My Least Favorite Film of the Year
The year began with high hopes. It ended with dashed dreams. I need to take 2004 off from you. Two shows within a week of each other in August will do that even to me. The Bowery show was a lot of fun to be so close to my idol from my childhood. I knew that I shouldn't expect too much and when you did most of your most recent album "Plan B", you lost me. I'm sorry Huey, even though my dad once described that record as a "stone groove", it is not very good. I respect that you are still playing new songs in a club setting, but come on, not for an hour. We want the hits. And when you finally delivered them, I was happy. The Wolf Trap show with my family seemed particularly uninspired. So unless you plan on playing my wedding, I need a break.
And what is up with no Chris Hayes, "The Kid", in the band anymore? You can't just lose your guitar player like that and expect me not to care. I mean, you already lost Mario "Bad Boy" Cipollina on bass a few years ago. And why is Bill Gibson on drums not wearing those tighty white shorts anymore as he pounds on the skins? Sean Hopper on keyboards is not looking so hot these days, is he? At least, Johnny Colla on saxophone is still super fine. Your name is Huey and you've just heard the news. Happy 2004.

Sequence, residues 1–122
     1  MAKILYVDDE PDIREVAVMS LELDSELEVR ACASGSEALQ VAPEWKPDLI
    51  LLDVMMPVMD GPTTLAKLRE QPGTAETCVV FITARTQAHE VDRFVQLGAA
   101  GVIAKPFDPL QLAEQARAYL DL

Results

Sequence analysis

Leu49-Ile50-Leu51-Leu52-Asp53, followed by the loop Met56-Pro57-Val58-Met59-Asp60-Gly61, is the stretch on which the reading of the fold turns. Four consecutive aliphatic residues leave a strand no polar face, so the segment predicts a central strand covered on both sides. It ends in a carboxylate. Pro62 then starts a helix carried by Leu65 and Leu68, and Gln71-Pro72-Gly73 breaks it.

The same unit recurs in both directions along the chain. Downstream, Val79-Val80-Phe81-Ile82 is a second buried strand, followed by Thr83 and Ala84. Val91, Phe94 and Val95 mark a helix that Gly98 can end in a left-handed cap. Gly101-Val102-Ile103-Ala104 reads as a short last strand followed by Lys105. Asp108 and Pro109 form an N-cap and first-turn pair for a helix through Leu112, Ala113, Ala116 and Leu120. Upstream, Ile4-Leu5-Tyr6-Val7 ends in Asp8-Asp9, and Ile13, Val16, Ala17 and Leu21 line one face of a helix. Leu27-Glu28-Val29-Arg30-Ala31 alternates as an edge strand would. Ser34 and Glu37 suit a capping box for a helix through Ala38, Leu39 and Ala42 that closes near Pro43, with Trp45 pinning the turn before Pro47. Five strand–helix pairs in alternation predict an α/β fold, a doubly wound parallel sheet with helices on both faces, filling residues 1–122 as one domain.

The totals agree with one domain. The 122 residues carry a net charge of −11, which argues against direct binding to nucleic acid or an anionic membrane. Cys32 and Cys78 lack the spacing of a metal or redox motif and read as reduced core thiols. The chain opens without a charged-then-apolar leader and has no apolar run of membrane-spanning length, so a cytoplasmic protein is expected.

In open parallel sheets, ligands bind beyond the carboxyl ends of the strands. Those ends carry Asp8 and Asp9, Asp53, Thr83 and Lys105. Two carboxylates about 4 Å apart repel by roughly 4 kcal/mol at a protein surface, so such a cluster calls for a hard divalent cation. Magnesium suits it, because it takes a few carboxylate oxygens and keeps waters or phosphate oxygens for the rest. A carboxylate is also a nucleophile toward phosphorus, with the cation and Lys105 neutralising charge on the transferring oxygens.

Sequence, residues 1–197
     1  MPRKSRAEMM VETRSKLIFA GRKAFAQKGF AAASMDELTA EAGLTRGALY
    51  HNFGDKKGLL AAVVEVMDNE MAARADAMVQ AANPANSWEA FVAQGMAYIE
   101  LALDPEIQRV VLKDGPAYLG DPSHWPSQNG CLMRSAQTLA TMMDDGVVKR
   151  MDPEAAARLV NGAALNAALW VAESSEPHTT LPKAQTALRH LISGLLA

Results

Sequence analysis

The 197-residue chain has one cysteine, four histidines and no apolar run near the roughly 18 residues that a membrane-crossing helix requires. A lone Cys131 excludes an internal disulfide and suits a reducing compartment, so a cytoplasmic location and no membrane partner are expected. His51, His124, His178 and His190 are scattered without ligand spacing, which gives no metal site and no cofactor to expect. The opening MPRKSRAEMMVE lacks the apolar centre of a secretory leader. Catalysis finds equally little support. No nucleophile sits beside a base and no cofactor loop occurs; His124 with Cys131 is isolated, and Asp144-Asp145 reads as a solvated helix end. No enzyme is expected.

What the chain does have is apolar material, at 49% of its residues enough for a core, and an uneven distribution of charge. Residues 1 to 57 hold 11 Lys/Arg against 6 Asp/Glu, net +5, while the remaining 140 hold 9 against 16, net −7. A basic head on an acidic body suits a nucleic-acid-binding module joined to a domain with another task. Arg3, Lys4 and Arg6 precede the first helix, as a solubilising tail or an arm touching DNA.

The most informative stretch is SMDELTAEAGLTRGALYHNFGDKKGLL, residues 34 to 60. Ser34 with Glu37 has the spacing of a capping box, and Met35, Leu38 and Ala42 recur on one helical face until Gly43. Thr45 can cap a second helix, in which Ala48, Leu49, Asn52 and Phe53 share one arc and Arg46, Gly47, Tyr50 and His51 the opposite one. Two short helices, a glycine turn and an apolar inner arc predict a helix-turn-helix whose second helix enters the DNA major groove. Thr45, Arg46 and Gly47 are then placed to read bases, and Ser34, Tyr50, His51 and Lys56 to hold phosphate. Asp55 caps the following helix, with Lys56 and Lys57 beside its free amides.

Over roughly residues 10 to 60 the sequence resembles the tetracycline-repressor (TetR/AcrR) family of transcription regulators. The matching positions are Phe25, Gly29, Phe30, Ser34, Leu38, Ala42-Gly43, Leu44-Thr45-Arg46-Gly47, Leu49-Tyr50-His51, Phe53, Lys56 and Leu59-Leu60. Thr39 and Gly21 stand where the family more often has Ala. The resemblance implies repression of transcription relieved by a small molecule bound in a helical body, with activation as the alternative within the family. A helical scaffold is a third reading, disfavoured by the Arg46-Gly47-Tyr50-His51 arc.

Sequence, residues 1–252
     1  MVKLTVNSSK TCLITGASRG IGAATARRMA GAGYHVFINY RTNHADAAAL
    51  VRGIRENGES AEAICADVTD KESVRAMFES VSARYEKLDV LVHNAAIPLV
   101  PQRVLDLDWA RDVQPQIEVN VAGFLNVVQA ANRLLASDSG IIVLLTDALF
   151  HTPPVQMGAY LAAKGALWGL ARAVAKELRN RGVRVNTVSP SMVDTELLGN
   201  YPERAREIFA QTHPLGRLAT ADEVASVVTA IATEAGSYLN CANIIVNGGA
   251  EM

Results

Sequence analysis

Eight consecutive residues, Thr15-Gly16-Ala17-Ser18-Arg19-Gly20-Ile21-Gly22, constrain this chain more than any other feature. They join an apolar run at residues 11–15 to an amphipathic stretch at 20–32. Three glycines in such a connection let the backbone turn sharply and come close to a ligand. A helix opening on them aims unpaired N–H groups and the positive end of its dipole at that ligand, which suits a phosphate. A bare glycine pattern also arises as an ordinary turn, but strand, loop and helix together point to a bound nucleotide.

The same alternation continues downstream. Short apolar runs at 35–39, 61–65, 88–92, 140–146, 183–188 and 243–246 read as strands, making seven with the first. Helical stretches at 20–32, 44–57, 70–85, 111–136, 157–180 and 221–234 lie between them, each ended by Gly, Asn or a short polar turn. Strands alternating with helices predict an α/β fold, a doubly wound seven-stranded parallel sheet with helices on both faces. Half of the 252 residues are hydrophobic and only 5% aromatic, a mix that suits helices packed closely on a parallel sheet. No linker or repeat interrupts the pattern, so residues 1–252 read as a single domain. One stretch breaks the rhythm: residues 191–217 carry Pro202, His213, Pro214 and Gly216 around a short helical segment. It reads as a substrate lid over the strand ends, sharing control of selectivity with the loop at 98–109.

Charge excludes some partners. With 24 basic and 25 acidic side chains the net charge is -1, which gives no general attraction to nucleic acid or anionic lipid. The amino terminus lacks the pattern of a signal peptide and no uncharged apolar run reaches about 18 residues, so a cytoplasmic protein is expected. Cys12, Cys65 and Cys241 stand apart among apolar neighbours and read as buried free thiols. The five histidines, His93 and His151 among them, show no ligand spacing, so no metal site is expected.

A disappointed fan
It's been way too long since I've written in this space and it's been even longer since I mentioned my fascination with Terry Gross.
But I think this exchange sums up a typical Terry Gross interview. What used to infuriate me now amuses me to no end. It's all there. The giggles are the best part of course.Either that or the lack of a real question. I love that the transcript mentions the laughter. But there were at least 2 or 3 other moments of nervous giggling and stammering as she led up to asking the question (or non-question).
GROSS: If you're just joining us, my guest is Thanassis Cambanis, and he's the former Middle East bureau chief for the Boston Globe. He now writes the foreign policy column for the Globe. He teaches at Columbia University and is the author of the book "A Privilege to Die: Inside Hezbollah's Legions and Their Endless War Against Israel."
Now you covered the war between Lebanon and Israel in 2006. You continued to cover Lebanon after that. You've covered the entire Middle East. So, Hezbollah is now an important part of the picture in terms of how the Middle East is changing in such a rapid way. Hezbollah now controls the government in Lebanon. So let me start by just asking you to connect the dots a little bit. Since you're looking at the region, I'm not sure what my question is here, so...
Prof. CAMBANIS: I have an idea of what the answer might be...
(Soundbite of laughter)
Prof. CAMBANIS: ...or the beginning of the answer.
GROSS: Okay. Then just take it. Go ahead.